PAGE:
Nine years' jail for speeding driver who killed pedestrian while "off his nut" on drink and drugs

Nine years' jail for speeding driver who killed pedestrian while "off his nut" on drink and drugs

By Michael Upton | 25/03/2022

Nine years' jail for speeding driver who killed pedestrian while 'off his nut' on drink and drugs

 

A DANGEROUS driver who crashed into and killed a pedestrian while “off his nut” on drink and drugs has been jailed for nine years.

Unlicensed and uninsured Ben Archer (24, above left) was behind the wheel of his friend Adam Jeffries’ Ford Focus when it smashed into 30-year-old takeaway delivery driver Adam Cumpsty at twice the speed limit.

Collision investigators believe the Focus was travelling at 62mph when it hit Mr Cumpsty (pictured below) as he crossed Broad Street, Parkgate, at 10.20pm on April 19, 2019, causing him multiple injuries from which he died at the scene.

Mr Cumpsty’s wife Hayley, who was just yards away when her husband was knocked down, told Doncaster Crown Court today that she had lost everything when he died – “my husband, my best friend and myself”.

Jeffries (32, above right) tried to pin all the blame on Archer but was convicted by a jury last Thursday of aiding and abetting causing death by dangerous driving. He was jailed for eight-and-a-half years.

The court heard Archer and Jeffries – who fled the scene of the accident and dumped the Focus - had been drinking earlier in the day.

They had taken friends to Rother Valley Country Park, where they had finished two bottles of vodka, before carrying on boozing at the Tabard pub in Herringthorpe.

Mr Nick Adlington, prosecuting, said witnesses had described how Archer had said “I’m off my nut, me” in relation to having taken drugs and been drinking, while Jeffries had said he was “hammered”.

They had chased another car from the Eastwood area to Parkgate for up to four miles before the accident happened, Judge Roger Thomas said, adding that “at times it was bumper to bumper”.

Mr Dermot Hughes, mitigating for Archer, who admitted causing death by dangerous driving, said Archer had lost his own father in traumatic circumstances and been left to his own devices, “at the mercy of his close friends – that’s how he became involved in criminality”.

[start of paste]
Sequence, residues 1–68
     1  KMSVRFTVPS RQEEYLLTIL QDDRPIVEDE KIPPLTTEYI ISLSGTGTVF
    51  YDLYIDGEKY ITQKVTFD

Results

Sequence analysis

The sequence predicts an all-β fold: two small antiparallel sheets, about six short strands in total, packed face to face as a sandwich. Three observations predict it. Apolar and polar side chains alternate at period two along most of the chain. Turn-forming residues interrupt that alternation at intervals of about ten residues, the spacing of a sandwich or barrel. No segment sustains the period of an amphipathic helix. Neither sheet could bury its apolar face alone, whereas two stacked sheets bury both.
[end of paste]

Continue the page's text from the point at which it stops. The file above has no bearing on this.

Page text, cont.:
He read a letter from Archer, in which the disgraced driver said: “Not a moment goes by when I don’t think about the victim and his family”, adding: “I wish that night had never happened. Hand on heart, I am sorry for the pain I’ve caused.”

Mr Hughes said the older Jeffries, of Pingles Crescent, Thrybergh, had exercised “power” over Archer “in a form of bullying”.

Archer had not admitted his guilt earlier or cooperated with the police because he feared Jeffries and his “wider circle”, said Mr Hughes.

Mr Kevin Jones, mitigating for Jeffries, said he was not a violent or aggressive man but admitted he was culpable for having encouraged Archer to drive, despite knowing he was not insured.

Judge Thomas highlighted how Archer, of Calladine Avenue, Swinton, had been on a suspended sentence order when the accident happened and how Jeffries had previous convictions for drink driving and driving while under the influence of drugs.

He noted how when Jeffries had been arrested, he had blamed Archer, while Archer had answered “No comment” when questioned, even though his blood had been found on an activated airbag in the dumped Focus.

Referring to Mrs Cumpsty’s victim impact statement, in which she paid tribute to her husband, the judge said it was clear Mr Cumpsty had been “the most decent of individuals”, who had worked full-time but taken on a second job delivering takeways to help support himself and his wife.

“She said they enjoyed the little things in life and were happiest in their little flat watching TV,” Judge Thomas said.

The judge said when Archer and Jeffries had spotted the BMW in Eastwood, Jeffries had been “provoking, ordering almost” Archer to set off after it in the Focus, which had just one working headlight.

What followed was “four miles of very bad, dangerous driving indeed,” he said.

The judge said Jeffries had a “very real and substantial responsibility”, although Archer had been driving.

But as Jeffries had been convicted after a trial while Archer had pleaded guilty, both were given the same sentence of eight-and-a-half years, with Archer handed six months extra for breaching a suspended sentence order.

Judge Thomas said no sentence could “properly reflect the loss of Mr Cumpsty’s life”.

Both defendants were also banned from driving for 15 years.

The judge also warned anyone found to have intimidated witnesses before or after the trial that they faced police action, after Mr Adlington said some threats had already been made.